Role, food sources and deficiency
An essential mineral!
Magnesium is the 5th most present mineral in our body. It is a cofactor (non-protein chemical that assists with a biological chemical reaction) of more than 300 enzymes (protein catalyzing a biochemical reaction)! It is therefore an essential player in the regulation of several fundamental functions involved in the following health areas:
- Bone health
- Tonus & energy production
- Cardiovascular function
- Normal functioning of the nervous system
Dietary sources of magnesium
Our body is not able to produce magnesium and must therefore get it from our food. Seaweed is an excellent source of magnesium:
The other ingredients most known for their magnesium richness are:
A worldwide magnesium deficiency
The nutritional reference values for magnesium are shown in the table below:
The World Health Organization estimates that approximately 75% of the world’s population suffers from magnesium deficiency. The main causes of the high prevalence of this deficiency are :
- A processed diet: in general, “industrial food” lacks many essential elements, including magnesium.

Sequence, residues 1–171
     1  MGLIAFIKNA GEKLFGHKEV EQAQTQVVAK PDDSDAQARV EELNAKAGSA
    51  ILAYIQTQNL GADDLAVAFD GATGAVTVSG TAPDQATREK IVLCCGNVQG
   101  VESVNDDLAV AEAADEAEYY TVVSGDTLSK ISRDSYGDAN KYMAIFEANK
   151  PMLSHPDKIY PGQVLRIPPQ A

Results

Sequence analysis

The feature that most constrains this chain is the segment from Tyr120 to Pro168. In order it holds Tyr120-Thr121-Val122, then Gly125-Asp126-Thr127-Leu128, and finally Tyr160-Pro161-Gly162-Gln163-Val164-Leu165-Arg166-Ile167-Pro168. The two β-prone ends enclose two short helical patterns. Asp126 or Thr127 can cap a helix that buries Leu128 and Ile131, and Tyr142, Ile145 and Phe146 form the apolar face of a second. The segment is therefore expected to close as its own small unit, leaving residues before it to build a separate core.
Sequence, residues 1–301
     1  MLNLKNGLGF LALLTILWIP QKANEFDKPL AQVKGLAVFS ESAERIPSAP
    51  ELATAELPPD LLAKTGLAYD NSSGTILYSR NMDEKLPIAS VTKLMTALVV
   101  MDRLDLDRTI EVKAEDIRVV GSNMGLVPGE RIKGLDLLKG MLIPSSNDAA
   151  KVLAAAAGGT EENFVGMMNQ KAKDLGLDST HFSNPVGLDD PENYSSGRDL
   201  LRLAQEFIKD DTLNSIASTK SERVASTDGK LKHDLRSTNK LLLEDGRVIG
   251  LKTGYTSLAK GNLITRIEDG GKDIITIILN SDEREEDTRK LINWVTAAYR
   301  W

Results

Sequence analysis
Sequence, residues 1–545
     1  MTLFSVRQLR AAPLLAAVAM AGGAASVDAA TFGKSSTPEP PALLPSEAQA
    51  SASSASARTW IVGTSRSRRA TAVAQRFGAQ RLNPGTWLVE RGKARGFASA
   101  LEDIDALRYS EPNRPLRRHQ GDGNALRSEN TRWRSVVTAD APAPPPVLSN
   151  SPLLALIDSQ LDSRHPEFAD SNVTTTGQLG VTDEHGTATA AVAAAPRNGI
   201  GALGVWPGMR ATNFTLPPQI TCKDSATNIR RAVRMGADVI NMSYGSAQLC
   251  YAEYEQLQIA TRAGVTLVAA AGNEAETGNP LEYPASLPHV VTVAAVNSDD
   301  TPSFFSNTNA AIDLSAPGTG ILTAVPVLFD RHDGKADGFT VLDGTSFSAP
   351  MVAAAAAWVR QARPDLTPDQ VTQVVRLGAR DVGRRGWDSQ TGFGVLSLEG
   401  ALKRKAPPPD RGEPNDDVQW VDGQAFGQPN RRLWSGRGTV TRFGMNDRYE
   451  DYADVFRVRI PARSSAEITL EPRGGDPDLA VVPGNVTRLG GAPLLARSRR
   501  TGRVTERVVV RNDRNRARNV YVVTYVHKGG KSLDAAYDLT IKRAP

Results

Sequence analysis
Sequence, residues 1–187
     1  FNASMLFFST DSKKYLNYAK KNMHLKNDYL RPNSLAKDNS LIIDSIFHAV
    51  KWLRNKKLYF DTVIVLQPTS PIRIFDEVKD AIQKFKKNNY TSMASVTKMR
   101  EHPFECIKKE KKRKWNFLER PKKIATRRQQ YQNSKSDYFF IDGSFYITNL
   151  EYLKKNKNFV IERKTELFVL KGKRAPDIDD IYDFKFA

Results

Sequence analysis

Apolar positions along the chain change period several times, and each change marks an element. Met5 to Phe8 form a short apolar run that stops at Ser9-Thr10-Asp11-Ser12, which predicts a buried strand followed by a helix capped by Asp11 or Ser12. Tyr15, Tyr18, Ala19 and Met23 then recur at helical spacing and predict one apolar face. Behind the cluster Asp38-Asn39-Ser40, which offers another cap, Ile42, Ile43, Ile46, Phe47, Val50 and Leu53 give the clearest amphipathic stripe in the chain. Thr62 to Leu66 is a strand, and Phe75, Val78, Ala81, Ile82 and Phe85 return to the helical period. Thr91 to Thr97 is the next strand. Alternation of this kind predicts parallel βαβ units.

- Intensive agricultural practices that result in a magnesium deficit in the soil.
- A stressful lifestyle that causes the body to lose magnesium (the vicious circle theory).
- Increased needs in certain situations, especially for pregnant women, athletes and the elderly.
The first symptoms associated with a magnesium deficiency are the following:
- Fasciculation (spontaneous and abnormal contraction of part of the muscle bundles of a muscle), in particular eyelid spasm
- Contractures, cramps, tingling and numbness
- Anxiety/irritability/difficulty concentrating
Thus, a magnesium supplementation is often recommended at certain times of the life and the year to help our organism to fill this magnesium deficiency, allowing it to function at its best.